I say this as a professional 3D artist, who works with these tools for a living. As someone who creates in 3D on an every day basis, my concern with Apple GPU choice and poor OpenGL implementation is 'in my face' on the Mac.

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Your concept of reality is definitely not how the part of the world that makes money at this does things.

I work in that part of the world that 'makes money at this'. I've shipped AAA games, I've taught 3D for years.

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Especially the part that's all hyperbole trying to win a point that it just lost miserably.

This isn't a contest, it's a discussion. A discussion whose points I made 3 posts ago you refuse to rebut. Now why would that be?

And you still haven't clarified:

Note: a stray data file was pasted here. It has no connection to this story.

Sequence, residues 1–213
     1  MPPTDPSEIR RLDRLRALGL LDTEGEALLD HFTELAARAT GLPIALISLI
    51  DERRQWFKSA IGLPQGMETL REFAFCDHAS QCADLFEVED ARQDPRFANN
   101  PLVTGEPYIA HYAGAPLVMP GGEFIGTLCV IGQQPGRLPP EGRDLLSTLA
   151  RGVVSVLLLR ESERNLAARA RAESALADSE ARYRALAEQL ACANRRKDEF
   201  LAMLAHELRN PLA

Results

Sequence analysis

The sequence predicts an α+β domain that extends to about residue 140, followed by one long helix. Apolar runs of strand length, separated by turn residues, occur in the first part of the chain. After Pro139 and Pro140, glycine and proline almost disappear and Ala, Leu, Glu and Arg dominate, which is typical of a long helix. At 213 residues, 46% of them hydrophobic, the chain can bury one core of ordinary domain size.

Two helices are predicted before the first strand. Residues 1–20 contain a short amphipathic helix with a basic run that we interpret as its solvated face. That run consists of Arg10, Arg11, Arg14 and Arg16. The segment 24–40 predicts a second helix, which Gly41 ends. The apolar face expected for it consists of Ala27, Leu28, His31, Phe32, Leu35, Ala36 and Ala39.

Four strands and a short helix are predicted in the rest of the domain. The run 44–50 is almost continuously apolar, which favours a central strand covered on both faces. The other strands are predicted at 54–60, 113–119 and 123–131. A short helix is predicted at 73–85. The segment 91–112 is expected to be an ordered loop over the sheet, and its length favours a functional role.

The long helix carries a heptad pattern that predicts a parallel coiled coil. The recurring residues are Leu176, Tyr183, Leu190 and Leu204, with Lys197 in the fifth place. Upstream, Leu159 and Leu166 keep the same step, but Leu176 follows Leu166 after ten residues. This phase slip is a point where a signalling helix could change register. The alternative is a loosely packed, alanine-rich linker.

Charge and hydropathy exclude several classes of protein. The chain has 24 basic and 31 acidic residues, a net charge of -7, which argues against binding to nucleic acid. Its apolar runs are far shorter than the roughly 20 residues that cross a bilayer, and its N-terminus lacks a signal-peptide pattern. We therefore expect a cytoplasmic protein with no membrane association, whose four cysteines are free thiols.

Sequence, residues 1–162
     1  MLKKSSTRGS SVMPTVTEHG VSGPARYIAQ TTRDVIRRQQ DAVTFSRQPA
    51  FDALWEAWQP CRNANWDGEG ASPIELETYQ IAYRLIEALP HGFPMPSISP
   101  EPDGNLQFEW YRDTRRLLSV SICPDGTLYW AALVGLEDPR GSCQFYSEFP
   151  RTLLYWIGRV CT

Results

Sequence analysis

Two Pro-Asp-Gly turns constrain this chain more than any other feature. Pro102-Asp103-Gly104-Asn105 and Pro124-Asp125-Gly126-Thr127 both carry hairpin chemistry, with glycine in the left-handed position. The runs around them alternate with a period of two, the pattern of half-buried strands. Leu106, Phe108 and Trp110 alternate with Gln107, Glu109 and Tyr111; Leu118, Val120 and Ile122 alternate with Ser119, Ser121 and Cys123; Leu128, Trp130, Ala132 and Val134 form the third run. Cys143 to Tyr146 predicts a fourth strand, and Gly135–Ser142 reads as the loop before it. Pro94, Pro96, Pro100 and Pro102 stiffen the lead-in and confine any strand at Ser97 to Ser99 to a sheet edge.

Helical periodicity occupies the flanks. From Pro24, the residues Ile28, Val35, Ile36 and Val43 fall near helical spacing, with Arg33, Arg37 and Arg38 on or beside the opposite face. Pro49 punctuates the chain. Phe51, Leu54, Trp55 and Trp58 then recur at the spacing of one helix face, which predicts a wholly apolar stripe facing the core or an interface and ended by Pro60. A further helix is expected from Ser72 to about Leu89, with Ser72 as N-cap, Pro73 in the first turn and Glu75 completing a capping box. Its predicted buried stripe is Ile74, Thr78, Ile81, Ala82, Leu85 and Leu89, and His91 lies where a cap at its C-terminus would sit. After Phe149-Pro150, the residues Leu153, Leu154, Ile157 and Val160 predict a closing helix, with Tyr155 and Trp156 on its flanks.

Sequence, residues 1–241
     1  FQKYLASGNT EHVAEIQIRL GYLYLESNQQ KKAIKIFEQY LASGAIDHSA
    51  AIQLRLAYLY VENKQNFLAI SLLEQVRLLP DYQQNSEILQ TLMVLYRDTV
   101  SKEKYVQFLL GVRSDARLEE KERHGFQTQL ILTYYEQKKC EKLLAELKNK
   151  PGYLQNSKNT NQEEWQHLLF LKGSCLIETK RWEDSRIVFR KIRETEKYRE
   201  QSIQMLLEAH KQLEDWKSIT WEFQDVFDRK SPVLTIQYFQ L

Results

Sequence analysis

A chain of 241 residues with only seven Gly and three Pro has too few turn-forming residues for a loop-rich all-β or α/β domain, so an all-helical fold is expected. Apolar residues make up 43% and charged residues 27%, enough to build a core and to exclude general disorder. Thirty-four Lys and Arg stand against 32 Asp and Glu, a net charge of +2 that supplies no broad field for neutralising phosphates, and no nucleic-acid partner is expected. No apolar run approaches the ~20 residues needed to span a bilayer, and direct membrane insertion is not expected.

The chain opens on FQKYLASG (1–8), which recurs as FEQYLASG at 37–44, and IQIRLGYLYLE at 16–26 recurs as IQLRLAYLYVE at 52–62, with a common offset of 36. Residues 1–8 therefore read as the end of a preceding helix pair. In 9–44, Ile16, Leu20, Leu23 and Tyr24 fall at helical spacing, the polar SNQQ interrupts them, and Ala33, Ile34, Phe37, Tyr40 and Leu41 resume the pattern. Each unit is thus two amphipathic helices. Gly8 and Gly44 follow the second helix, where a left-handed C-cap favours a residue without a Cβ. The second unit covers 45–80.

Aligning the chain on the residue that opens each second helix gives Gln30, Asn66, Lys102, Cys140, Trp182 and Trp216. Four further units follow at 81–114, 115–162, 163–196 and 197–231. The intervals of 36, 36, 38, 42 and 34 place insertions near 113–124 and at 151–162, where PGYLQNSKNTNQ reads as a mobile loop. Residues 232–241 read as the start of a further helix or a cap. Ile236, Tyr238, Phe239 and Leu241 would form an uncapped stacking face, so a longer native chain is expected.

Quote:
Recent updates to preview functionality in Maya may finally be changing that.

What preview functionality are you referring to? Viewport 2.0? Some funky Mental Ray development? Please, answer this. I'm curious.

Instead of 'clarifying' as asked, you downplay me as a 'student' and tell me I must not make money doing what I do. You call my points 'hyperbole' without explaining why or making any attempt to prove them otherwise. With, say, links. Facts. Stuff like that.

You then add the line
Quote:
you aren't playing on the GPU in realtime for final output, unless you are doing games.

When I've clearly been talking about creation (assets) and modeling and texturing the entire time. Like in this post, in fact.

I'm an instructor. If you'd like me to educate you on OpenGL, graphics cards, realtime 3d and their effects on modeling, texturing, etc, I'll be happy to give you an overview. Programming is a very different discipline, and I doubt you have the time or inclination to research another field. Just as I have no clue on how to add displacement map rendering code to a game engine.

I made this (mostly) on a Mac: (warning: 2560x1600, 1.7MB!)